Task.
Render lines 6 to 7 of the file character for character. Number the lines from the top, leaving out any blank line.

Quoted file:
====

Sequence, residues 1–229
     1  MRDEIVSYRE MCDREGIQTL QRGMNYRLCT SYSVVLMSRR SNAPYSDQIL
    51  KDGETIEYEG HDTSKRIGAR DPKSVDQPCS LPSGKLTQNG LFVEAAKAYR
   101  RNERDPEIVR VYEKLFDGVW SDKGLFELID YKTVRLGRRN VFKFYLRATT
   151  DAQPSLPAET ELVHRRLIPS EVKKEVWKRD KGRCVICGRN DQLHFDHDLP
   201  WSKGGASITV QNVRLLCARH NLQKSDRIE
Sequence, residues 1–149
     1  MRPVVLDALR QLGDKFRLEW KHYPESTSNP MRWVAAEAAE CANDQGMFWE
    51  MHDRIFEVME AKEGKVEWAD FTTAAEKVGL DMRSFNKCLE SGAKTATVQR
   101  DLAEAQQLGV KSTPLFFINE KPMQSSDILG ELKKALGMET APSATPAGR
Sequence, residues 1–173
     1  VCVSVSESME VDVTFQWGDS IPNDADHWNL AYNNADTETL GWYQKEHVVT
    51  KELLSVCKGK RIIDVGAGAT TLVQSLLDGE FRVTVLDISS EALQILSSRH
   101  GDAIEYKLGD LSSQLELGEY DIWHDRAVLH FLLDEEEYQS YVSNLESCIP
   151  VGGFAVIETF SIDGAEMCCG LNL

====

   201  WSKGGASITV QNVRLLCARH NLQKSDRIE
Sequence, residues 1–149